As with all content produced by Sesame Workshop, this outreach initiative began with a thorough research process, which included consulting with an advisory board of key experts in child development, early childhood, and mental health fields to guide and shape key content messages. Continuing the process, Sesame Workshop conducted focus groups with parents and service providers to ensure that all of the resources effectively meet the needs of children and families. Sesame Workshop created Little Children, Big Challenges: Divorce, in order to:
- Provide tools and language to help young children (ages 2–8) cope with and understand divorce at an age-appropriate level,
- aid families in communicating and expressing feelings around divorce and
- reassure children that they will be cared for, and that—together with their families—they can learn ways to adjust to their new life and have hope for the future.
“With our new resources on divorce, Sesame Workshop continues a 43-year-long history of tackling the most relevant and challenging issues for children,” said H. Melvin Ming, President and CEO of Sesame Workshop. “During difficult times, it’s vitally important that children feel supported and develop coping skills that will help them throughout their entire lives. Sesame Workshop is committed to providing the highest quality resources to families dealing with life’s challenges.”
Little Children, Big Challenges: Divorce includes:
- A new Sesame Street DVD, featuring the Muppets and real families, that highlights strategies around expressing emotions and how to talk to children about divorce;
- A Parent/Caregiver Guide providing helpful resources, language and advice for discussing divorce with children and helping them navigate changes;
- A Children’s Storybook, Two-Hug Day, about a young boy named Niko who is transitioning between his parents’ two homes, and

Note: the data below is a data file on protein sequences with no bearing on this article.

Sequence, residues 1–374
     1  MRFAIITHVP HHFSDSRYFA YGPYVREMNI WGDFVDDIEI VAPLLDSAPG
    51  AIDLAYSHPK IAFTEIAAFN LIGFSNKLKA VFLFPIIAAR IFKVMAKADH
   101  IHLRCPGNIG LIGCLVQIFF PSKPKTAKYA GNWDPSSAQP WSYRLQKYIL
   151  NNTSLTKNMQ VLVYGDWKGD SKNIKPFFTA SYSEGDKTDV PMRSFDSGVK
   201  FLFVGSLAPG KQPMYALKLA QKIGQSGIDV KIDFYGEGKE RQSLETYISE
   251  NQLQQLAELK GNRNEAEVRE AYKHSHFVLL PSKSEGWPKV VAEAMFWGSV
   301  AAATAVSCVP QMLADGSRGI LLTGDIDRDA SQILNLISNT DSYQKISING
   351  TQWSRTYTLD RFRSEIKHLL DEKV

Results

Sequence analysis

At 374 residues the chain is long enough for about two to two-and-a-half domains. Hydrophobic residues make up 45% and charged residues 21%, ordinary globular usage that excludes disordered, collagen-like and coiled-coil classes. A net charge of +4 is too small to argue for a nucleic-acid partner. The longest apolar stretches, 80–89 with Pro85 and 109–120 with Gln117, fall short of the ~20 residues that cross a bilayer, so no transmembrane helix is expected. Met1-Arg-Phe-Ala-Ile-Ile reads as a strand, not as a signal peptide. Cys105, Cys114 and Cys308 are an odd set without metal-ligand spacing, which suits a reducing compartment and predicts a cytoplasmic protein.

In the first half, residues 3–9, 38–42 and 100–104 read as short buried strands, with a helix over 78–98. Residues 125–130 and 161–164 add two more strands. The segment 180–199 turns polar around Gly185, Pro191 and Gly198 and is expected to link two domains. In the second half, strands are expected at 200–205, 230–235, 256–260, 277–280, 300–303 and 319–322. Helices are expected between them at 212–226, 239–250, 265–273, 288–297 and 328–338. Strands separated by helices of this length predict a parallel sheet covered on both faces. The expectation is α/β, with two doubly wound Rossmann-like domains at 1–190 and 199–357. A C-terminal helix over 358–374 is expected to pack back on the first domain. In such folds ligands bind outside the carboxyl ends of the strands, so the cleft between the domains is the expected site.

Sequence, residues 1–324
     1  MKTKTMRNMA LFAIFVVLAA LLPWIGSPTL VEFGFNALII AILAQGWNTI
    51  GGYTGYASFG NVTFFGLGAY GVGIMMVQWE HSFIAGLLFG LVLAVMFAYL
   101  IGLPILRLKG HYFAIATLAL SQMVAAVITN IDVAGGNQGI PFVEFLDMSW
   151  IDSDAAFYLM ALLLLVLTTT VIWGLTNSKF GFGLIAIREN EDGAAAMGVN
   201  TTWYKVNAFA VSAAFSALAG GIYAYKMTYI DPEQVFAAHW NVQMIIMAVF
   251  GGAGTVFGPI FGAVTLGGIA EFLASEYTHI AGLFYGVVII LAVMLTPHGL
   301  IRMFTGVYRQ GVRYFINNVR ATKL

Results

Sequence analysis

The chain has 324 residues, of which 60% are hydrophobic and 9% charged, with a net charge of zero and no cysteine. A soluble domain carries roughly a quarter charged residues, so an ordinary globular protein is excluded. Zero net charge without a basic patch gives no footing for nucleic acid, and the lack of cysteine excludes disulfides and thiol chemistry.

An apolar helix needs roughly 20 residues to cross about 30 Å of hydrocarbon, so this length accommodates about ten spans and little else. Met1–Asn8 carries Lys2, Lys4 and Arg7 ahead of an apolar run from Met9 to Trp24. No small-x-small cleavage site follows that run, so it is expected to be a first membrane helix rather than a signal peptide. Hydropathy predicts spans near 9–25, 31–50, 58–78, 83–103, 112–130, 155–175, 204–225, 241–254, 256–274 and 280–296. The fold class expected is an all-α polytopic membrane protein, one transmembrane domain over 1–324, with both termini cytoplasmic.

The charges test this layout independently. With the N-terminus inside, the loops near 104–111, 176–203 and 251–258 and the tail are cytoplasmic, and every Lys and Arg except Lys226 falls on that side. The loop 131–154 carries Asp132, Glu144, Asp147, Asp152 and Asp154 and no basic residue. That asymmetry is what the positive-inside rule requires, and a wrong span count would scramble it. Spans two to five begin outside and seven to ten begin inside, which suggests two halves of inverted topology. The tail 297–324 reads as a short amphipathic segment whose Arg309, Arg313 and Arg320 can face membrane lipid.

An online toolkit at sesamestreet.org/divorce providing access to all project resources, as well as additional online-only materials:
- An Extended Family & Friends tip sheet
- Webinars and online discussion sessions giving service providers and families a thorough understanding of how to engage with their families and communities
- A Facebook page called Sesame Street in Communities connecting our online community to Sesame’s resiliency messages and materials.
- A mobile app: Sesame Street: Divorce, featuring resources and tools for parents and caregivers; available on the App Store (SM) and Google Play ™.
“With the frequency of children experiencing divorce and or separation today, it is critical to help children understand that the feelings or questions they may have are typical and should be discussed with a parent or caregiver, said Dr. Jeanette Betancourt, Senior Vice President for Outreach and Educational Practices at Sesame Workshop. “These strategies will help children cope with changes as well as support them in understanding they are not alone.”
The resource kits will be distributed to military and veteran families through partnerships with Military OneSource, Department of Veterans Affairs, The USO, and The Military Child Education Coalition. These resources are also being distributed to families in the general public through national partnerships with organizations such the Association of Family and Conciliation Courts and the National Council of Juvenile and Family Court Judges. On a local level, distribution will reach children and their families though faith-based programs, school and after school programs, through counseling and mental health services, parenting programs, and child care systems. Military families can contact Military OneSource directly at militaryonesource.mil to request a kit.